Risk of De-novo Inflammatory Bowel Disease Among Obese Patients Treated With Bariatric Surgery or Weight Loss Medications

Gursimran S. Kochhar; Aakash Desai; Aslam Syed; Abhinav Grover; Sandra El Hachem; Heitham Abdul-Baki; Preethi Chintamaneni; Elie Aoun; Sowjanya Kanna; Dalbir S. Sandhu; Siddharth Singh; Bo Shen; Edward V. Loftus Jr; Parambir S. Dulai


Aliment Pharmacol Ther. 2020;51(11):1067-1075. 

In This Article


Study Design and Database

This was a retrospective cohort study utilising a prospectively maintained EMR dataset (IBM Corporation), Explorys. Explorys is a multi-institution de-identified electronic health record database with an estimated 60 million covered lives spanning from 1999 to 2018. De-identified data from virtual healthcare systems (EPIC, Amalga, Eclipsys, etc) are standardised and normalised by the Explorys web-based platform. Specific diagnoses, procedures and medications are mapped into the systematised nomenclature of medicine clinical terms (SNOMED-CT). Each unique search allows users to further specify associated medications, comorbidities, demographics and vital signs. All data are live, and updated once every 24 hours.[14] Each participating organisation has access to a password-protected web-based application (https://popex.explorys.com). Explorys is a Health Insurance Portability and Accountability Act (HIPAA) and Health Information Technology for Economic and Clinical Health Act (HITECH) compliant platform, and institutional review board approval is not required. This study is reported according to the Strengthening the Reporting of Observational Studies in Epidemiology (STROBE) guidelines for observational cohort studies.[15] (Supplementary STROBE checklist).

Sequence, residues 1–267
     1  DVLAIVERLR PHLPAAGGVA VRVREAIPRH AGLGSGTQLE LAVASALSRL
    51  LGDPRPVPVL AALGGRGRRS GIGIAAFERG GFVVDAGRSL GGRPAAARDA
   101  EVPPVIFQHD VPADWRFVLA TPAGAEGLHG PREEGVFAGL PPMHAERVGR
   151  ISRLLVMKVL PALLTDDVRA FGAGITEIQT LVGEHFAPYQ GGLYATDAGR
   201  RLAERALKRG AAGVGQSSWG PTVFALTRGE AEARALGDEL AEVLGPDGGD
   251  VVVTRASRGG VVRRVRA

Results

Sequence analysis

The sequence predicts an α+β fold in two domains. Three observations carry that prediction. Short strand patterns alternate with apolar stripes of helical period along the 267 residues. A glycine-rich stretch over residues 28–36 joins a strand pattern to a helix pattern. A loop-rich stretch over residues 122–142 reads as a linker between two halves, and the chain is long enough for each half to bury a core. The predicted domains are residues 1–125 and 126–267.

Study Aims

Our primary aim was to determine the prevalence of de-novo CD and UC in obese patients after bariatric surgery and obese patients on weight loss medications (intervention groups); and compare this to the prevalence of de-novo IBD among obese patients who were not exposed to bariatric surgery or weight loss medications (control group). Secondary outcomes were to compare the prevalence of de-novo IBD after exposure to bariatric surgery and weight loss medications and to individual types of surgeries or weight loss medication exposures, and to explore the associations between changes in BMI and risk of de-novo IBD.

Patient Selection and Exposure

Study groups were created using the Explorys search tool and SNOMED-CT procedure codes, and classified as:

  1. Bariatric surgery cohort : Obese (BMI > 30) patients exposed to bariatric surgery (Roux-en-Y gastrojejunostomy, laparoscopic sleeve gastrectomy or gastric banding). Vertical banded gastroplasty (stomach stapling) has been falling out of favour compared with other forms of bariatric surgery and this was reflected in the small sample size seen in the database; hence, we excluded this cohort from the study.

  2. Weight loss medication cohort : Obese (BMI > 30) patients exposed to FDA-approved weight loss medications (orlistat, phentermine/topiramate, lorcaserin, bupropion/naltrexone and liraglutide).

  3. Obese control cohort : Obese (BMI > 30) patients without exposure to bariatric surgery or FDA-approved weight loss medications. These patients had to have a BMI > 30 for 2 continuous years in order to be included in this control cohort to avoid confounding by weight loss through dietary or exercise-based interventions.

Exposure to bariatric surgery and weight loss medications had to have occurred after patient enrolment in Explorys to ensure that patients with historic treatment or exposure were not included.